She said the organization’s main goal in tabling was to better inform students of the issues surrounding the conflict.

“We are here to clarify, to answer questions, to be here as a resource for students on campus and to explain the issue and what is happening right now,” Frydberg said.

Frydberg said the more vocal approach to the situation taken by students from the International Socialist Organization and Palestine Solidarity Committee seemed ineffective to her as it didn’t educate people on the issues.

“We are not going to be doing anything like this,” Frydberg said. “These people are not here to clarify the situation. They are not explaining what is happening.”

Jonathon Orta, Latin American studies senior and member of the Palestine Solidarity Committee, said drawing more attention to the issue is necessary.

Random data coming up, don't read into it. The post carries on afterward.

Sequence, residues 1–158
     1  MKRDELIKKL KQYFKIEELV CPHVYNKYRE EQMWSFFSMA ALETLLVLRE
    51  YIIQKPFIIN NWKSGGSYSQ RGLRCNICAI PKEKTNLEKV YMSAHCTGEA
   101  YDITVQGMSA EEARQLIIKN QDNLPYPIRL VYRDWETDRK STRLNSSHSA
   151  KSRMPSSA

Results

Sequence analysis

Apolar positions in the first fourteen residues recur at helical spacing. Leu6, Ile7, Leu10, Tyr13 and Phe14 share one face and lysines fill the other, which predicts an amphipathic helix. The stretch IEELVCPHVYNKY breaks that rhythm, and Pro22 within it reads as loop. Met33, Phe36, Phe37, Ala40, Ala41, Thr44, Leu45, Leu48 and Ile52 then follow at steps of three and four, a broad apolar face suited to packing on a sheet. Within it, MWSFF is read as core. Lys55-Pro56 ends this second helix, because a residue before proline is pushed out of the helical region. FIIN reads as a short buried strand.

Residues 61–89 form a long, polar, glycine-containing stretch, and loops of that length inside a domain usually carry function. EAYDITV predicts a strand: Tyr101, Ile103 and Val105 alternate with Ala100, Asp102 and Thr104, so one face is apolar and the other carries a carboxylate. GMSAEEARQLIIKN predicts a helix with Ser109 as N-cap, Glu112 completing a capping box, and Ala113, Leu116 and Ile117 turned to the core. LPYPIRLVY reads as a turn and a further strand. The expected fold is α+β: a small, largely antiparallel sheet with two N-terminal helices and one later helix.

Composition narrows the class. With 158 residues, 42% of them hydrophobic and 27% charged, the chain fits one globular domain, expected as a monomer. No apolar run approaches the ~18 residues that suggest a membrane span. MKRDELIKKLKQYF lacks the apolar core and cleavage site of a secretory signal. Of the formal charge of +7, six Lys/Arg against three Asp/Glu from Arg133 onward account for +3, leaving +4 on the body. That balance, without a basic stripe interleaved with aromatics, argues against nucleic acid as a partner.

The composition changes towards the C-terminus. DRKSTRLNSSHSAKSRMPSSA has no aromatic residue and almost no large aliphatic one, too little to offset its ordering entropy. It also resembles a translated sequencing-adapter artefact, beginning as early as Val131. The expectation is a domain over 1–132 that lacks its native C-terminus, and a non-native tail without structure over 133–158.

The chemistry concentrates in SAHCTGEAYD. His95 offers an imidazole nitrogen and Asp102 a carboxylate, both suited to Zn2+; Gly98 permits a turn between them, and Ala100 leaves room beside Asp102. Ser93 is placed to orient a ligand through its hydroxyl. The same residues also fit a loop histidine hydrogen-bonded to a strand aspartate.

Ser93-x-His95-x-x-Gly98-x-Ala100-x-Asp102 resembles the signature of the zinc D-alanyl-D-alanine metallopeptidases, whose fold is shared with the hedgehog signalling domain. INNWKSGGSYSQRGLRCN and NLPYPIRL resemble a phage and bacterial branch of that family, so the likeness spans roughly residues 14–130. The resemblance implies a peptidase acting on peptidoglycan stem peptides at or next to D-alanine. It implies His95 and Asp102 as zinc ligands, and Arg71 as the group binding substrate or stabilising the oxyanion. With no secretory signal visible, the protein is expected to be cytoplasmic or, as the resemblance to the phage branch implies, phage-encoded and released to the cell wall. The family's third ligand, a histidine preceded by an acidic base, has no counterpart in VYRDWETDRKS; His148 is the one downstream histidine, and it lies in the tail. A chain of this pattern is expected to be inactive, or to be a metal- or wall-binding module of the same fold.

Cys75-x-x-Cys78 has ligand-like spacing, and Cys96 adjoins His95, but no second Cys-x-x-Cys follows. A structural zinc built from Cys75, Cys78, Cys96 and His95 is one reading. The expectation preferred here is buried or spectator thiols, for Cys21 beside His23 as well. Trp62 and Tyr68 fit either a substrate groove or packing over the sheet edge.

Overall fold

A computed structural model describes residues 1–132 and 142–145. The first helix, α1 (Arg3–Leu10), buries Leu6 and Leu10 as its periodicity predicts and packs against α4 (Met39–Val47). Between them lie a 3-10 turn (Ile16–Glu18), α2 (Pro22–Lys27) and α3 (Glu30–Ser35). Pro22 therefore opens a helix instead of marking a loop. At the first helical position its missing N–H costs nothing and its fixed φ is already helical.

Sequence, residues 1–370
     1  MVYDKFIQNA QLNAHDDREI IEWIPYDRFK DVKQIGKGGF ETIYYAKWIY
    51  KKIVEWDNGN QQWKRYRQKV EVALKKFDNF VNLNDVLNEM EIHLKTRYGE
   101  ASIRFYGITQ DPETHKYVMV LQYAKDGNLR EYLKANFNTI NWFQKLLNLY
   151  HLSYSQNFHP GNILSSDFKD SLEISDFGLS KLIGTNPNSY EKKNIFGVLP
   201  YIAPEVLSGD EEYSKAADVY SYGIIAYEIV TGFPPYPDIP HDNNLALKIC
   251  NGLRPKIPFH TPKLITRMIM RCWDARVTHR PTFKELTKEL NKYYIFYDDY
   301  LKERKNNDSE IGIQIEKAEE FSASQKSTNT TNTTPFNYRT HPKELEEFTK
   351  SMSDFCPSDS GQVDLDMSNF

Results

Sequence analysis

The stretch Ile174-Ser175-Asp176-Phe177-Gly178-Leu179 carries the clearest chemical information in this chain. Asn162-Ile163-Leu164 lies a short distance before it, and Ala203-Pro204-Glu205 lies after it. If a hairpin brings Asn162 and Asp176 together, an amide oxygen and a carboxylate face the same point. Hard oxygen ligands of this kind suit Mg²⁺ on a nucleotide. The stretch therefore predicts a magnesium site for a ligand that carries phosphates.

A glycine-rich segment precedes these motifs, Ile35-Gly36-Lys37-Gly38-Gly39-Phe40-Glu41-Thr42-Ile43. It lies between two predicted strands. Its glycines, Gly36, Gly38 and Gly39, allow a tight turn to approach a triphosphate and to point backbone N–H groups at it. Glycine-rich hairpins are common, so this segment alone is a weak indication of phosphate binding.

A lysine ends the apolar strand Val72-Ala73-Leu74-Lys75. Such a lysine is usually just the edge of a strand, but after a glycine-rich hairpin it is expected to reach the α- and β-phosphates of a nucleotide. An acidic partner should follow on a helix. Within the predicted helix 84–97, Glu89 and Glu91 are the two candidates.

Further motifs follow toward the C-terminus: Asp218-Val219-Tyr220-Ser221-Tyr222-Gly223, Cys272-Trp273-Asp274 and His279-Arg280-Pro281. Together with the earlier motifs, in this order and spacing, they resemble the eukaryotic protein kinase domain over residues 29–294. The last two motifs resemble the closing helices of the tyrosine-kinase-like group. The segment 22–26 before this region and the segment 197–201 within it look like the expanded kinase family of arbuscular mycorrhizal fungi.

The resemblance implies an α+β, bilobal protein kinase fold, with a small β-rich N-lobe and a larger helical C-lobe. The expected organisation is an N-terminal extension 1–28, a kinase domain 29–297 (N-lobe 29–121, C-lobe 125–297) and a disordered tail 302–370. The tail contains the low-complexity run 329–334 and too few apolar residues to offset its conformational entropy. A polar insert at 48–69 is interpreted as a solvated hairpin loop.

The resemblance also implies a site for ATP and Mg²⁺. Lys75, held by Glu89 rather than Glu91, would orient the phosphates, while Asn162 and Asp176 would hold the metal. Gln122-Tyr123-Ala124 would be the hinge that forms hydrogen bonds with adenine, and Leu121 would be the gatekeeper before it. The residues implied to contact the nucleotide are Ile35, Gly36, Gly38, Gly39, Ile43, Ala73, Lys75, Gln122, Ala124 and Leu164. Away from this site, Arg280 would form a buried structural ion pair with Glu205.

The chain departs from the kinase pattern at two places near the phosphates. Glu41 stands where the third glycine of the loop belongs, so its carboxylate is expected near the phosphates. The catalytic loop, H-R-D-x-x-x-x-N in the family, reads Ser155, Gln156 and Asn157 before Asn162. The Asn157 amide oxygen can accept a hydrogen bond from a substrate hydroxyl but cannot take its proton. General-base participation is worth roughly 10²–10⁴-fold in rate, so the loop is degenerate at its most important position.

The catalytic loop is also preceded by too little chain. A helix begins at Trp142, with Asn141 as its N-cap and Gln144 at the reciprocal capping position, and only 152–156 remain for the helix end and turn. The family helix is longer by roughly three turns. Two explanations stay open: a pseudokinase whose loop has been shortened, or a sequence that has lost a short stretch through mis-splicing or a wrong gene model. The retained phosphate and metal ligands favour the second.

“It forces a dialogue to happen, and a dialogue that happens is often uncomfortable for some people,” Orta said. “Just as when the South was segregated, you had these protesters of the Civil Rights Movement fighting for integration, but those conversations had to happen ... the same conversations are what we are trying to have happen at UT.”

Journalism professor Robert Jensen spoke at the protest in support of the people of Gaza. He said the public must fully educate themselves on the issue since the situation’s history is essential for full understanding.

“You cannot understand what is happening in Gaza today without understanding one central fact — the occupation of Palestine by Israel,” Jensen said.

Ben Mendelson, government and liberal arts honors junior and chief financial officer for College Republicans, said he believes standing with Israel is an issue of safety, not politics.

“I don’t think it is an issue of political party,” Mendelson said. “There is overwhelming support on both sides of the aisle for American support of Israel.”

U.S. President Barack Obama and other politicians from both sides of the political spectrum have come out in support of Israel’s right to defend itself.

Protesters on both sides of the issue said they will be working more this week to advocate for their causes through similar efforts.